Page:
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Political Insiders Poll

June 14, 2012

How detrimental to his reelection prospects is President Obama’s comment that the “private sector is doing fine”?

Democrats (95 votes)

Very damaging: 13%
Somewhat damaging:  63%
Not damaging: 24%

Very damaging


“The worst mistakes are the ones that are pithy enough for TV and that feed an existing narrative. This checks off both boxes.”

“Obama rarely misplaces a syllable but, wow, did he misplace this one.”

“What was the great communicator thinking? Note to Obama: When running for president, don’t channel your inner John McCain.”

Somewhat damaging

“Would that it were true—he’d be coasting.”

“It is really early in the campaign, but if used consistently and strategically by Romney and super PACs, it could become a difference maker.”

“In the battle of who is out of touch, Mitt (I-like-to-fire-people/My-wife-drives-a-couple-of-Cadillacs/Corporations-are-people/I’m-also-unemployed) Romney wins hands down.”

“It’s a minor distraction only because the media legitimizes a misspoken phrase as real news. The gaffe patrols need to stop on both sides.”

“His comments won’t mean a thing if the economy improves in the two months prior to the conventions; if not, we won’t hear the end of it. Dumbest thing he’s ever said.”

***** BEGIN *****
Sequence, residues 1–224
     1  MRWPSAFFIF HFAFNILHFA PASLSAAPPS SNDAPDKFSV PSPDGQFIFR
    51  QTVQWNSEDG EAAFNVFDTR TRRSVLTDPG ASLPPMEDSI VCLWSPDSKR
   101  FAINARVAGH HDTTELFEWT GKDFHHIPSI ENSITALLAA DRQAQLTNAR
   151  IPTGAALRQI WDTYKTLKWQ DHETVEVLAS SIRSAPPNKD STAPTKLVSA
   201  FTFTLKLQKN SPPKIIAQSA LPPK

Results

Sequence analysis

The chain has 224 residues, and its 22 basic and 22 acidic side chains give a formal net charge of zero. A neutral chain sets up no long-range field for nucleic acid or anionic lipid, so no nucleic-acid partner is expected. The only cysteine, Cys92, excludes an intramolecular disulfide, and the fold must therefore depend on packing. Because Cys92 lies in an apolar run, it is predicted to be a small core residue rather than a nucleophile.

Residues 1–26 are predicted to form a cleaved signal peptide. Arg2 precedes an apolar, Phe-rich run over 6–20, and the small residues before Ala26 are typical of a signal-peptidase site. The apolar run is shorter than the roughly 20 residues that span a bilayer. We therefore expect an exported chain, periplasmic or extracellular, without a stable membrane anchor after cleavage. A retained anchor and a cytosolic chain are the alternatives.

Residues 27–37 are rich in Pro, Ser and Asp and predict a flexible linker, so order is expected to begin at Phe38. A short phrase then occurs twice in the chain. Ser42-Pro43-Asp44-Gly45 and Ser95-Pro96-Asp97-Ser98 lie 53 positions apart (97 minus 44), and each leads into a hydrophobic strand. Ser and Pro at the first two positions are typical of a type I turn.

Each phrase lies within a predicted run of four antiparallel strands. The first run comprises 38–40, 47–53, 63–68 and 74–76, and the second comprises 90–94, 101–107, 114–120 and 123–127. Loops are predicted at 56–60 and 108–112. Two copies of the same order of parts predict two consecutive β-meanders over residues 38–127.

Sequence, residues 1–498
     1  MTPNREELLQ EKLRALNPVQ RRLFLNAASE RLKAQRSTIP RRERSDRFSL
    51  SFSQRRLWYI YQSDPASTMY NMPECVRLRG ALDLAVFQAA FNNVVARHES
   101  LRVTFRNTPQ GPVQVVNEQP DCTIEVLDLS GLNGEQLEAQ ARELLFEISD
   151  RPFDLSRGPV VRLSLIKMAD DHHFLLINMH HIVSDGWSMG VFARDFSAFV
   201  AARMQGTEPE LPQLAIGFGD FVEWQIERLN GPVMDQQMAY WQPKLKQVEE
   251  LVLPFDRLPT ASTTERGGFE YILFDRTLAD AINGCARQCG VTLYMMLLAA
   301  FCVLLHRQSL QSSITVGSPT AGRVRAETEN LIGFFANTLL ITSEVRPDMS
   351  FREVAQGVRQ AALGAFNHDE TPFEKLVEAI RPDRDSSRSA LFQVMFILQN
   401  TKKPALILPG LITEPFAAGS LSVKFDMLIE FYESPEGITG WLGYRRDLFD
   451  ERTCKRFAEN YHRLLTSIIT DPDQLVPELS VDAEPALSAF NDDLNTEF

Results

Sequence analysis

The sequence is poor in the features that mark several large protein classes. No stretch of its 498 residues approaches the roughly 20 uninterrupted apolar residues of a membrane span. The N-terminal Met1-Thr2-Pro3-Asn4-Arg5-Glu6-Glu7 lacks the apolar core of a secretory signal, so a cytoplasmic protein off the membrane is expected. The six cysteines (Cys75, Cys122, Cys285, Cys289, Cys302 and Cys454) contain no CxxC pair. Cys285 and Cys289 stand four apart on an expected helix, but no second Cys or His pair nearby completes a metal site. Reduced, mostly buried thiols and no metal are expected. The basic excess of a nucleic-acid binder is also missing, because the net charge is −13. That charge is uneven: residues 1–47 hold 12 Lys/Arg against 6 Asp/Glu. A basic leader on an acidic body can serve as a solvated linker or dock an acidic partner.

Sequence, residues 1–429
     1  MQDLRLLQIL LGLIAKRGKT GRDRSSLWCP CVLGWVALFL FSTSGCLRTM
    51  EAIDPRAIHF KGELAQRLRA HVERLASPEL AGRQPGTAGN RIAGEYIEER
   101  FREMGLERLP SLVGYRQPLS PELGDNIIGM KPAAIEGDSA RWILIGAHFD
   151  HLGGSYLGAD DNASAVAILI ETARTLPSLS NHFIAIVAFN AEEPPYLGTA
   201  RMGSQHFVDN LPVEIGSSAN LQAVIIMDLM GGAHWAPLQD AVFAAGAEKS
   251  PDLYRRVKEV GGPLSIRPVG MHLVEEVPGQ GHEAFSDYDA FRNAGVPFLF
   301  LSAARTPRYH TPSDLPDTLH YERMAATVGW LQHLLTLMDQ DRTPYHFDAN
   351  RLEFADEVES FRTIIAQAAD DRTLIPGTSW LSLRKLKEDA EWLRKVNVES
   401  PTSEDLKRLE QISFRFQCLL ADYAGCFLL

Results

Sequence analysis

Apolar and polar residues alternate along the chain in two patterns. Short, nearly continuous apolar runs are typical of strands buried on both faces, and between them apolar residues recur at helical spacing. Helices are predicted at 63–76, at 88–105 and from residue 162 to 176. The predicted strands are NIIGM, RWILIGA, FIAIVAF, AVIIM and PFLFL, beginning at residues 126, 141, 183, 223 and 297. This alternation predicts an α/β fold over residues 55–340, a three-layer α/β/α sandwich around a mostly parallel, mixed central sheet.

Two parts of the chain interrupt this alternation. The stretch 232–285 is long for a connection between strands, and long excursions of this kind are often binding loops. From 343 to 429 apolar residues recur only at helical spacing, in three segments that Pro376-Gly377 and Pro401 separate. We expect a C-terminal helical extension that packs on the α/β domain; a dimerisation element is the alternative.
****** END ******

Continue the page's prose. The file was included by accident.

“The American people are smarter than we give them credit for in Washington.”

“It’s not as bad as not knowing what a bar-code scanner is, but it was semi-Freudian as to his day-to-day focus on the economy.”

“McCain’s ‘fundamentals’ quote didn’t swing the election, and neither will this. But it knocked them off their game. Better now than October.”

“Gone with Fourth of July fireworks.”

Not damaging

“The comment will be long forgotten by November, though I am sure there will be dozens like it on both sides to keep everyone busy.”


“In the silly season that we are in, this will pass, just like Romney’s dog on the roof of his car.”


How detrimental to his reelection prospects is President Obama’s comment that the “private sector is doing fine”?

Republicans (103 votes)

Very damaging: 63%
Somewhat damaging: 33%
Not damaging: 4%

Very damaging

“We all know that Obama wants a rerun of 2008, but we didn’t know he wanted to play the McCain part.”